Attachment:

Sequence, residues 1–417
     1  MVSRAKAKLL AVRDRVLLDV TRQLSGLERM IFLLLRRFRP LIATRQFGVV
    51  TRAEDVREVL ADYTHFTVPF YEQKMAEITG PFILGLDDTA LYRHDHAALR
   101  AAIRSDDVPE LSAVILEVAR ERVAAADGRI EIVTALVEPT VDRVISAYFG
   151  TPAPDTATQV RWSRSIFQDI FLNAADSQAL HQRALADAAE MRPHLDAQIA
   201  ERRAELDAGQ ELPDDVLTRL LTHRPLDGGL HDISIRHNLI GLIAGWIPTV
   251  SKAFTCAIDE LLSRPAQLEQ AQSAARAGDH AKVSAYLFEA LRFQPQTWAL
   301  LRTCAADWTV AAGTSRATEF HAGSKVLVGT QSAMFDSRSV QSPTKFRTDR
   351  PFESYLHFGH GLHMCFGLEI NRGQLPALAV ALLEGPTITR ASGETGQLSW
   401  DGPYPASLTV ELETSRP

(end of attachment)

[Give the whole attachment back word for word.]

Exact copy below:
Sequence, residues 1–417
     1  MVSRAKAKLL AVRDRVLLDV TRQLSGLERM IFLLLRRFRP LIATRQFGVV
    51  TRAEDVREVL ADYTHFTVPF YEQKMAEITG PFILGLDDTA LYRHDHAALR
   101  AAIRSDDVPE LSAVILEVAR ERVAAADGRI EIVTALVEPT VDRVISAYFG
   151  TPAPDTATQV RWSRSIFQDI FLNAADSQAL HQRALADAAE MRPHLDAQIA
   201  ERRAELDAGQ ELPDDVLTRL LTHRPLDGGL HDISIRHNLI GLIAGWIPTV
   251  SKAFTCAIDE LLSRPAQLEQ AQSAARAGDH AKVSAYLFEA LRFQPQTWAL
   301  LRTCAADWTV AAGTSRATEF HAGSKVLVGT QSAMFDSRSV QSPTKFRTDR
   351  PFESYLHFGH GLHMCFGLEI NRGQLPALAV ALLEGPTITR ASGETGQLSW
   401  DGPYPASLTV ELETSRP